Pseudarthrosis in primary fusions for adult idiopathic scoliosis: Incidence, risk factors, and outcome analysis

Yongjung J. Kim, Keith H. Bridwell, Lawrence G. Lenke, Anthony S. Rinella, Charles Edward

Research output: Contribution to journalReview articlepeer-review

129 Scopus citations

Abstract

Study Design. A retrospective study. Objective. To analyze the incidence, characteristics, risk factors, and Scoliosis Research Society Instrument-24 (SRS-24) outcome scores of pseudarthrosis in adult idiopathic scoliosis primary fusions. Summary of Background Data. The healing of spinal fusion is complex and difficult to study in a clinical setting, there are no detailed reports on pseudarthrosis in primary fusion for adult idiopathic scoliosis since the introduction of "modern" segmental fixation techniques. Methods. A retrospective chart and radiographic review of 96 patients (average age 42:2 years; range 18.2-62.9 years) with adult idiopathic scoliosis undergoing first time (primary) spinal instrumentation and fusion with a minimum 2-year follow-up (average 5.9 years; range 2-16.8 years) treated at a single institution between 1985 and 2001 were analyzed. Results. Sixteen patients had pseudarthroses (17%). Fifty-nine percent of the pseudarthroses occurred between T9 and L1, and 81% presented with multiple levels involved (2-6 levels). The site of crosslinks or dominoes correlated with pseudarthrosis site in 69%. Pseudarthroses were detected radiologically at 32.4 months (range 12-67 months) postoperatively. Patient age at surgery more than 55 years significantly correlated with pseudarthrosis (P = 0.007). The number of fused levels more than 12 vertebrae is also significantly correlated with pseudarthrosis (P = 0:03). Smoking history and comorbidity did not increase the pseudarthrosis rate (P = 0.71 and 0.19, respectively). A larger preoperative Cobb angle (≥70°) and a greater thoracic kyphosis (T5-T12 >40°) did not correlate with a higher pseudarthrosis rate (P = 0.76 and 0.73, respectively). Thoracolumbar kyphosis (T10-L2 ≥20°) correlated with a significantly higher pseudarthrosis rate (P < 0.0001 ). Preoperative global sagittal and coronal imbalance did not increase the pseudarthrosis rate (P = 0.45 and 0.62, respectively). Patients with pseudarthrosis had lower SRS-24 scores than those without (P = 0.01). Conclusion. The incidence of pseudarthrosis following adult idiopathic scoliosis primary fusion was 17%. The pseudarthrosis was most likely to occur at the thoraco-lumbar junction. Older patients (>55 years), longer fusion (> 12 vertebrae) and those with thoracolumbar kyphosis (≥20°); demonstrated: increased risk for pseudarthrosis. Patients' outcomes as measured by the SRS-24 were "negatively" affected by the pseudarthrosis.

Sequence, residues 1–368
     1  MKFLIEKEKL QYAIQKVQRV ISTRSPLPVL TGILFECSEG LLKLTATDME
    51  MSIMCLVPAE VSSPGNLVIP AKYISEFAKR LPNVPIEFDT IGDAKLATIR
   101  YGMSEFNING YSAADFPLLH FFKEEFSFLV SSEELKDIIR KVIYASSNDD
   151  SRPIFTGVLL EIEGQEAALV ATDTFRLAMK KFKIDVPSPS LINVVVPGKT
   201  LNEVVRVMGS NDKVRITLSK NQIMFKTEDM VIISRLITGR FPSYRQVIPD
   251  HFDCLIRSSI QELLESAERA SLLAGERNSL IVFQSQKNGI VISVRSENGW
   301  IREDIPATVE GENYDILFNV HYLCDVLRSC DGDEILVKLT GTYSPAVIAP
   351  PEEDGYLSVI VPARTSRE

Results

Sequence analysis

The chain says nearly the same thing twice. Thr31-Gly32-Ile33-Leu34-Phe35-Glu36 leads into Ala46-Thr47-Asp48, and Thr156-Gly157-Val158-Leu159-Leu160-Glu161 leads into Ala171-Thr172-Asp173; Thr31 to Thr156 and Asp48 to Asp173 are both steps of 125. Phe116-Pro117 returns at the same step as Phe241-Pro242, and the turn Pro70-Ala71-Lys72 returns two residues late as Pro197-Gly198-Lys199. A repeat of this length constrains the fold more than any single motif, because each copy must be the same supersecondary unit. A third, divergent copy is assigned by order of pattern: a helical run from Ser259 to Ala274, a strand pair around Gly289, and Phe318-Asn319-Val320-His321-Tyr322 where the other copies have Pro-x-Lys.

Original languageEnglish
Pages (from-to)468-474
Number of pages7
JournalSpine
Volume30
Issue number4
DOIs
StatePublished - Feb 15 2005

Keywords

  • Adult idiopathic scoliosis
  • Primary fusion
  • Pseudarthrosis

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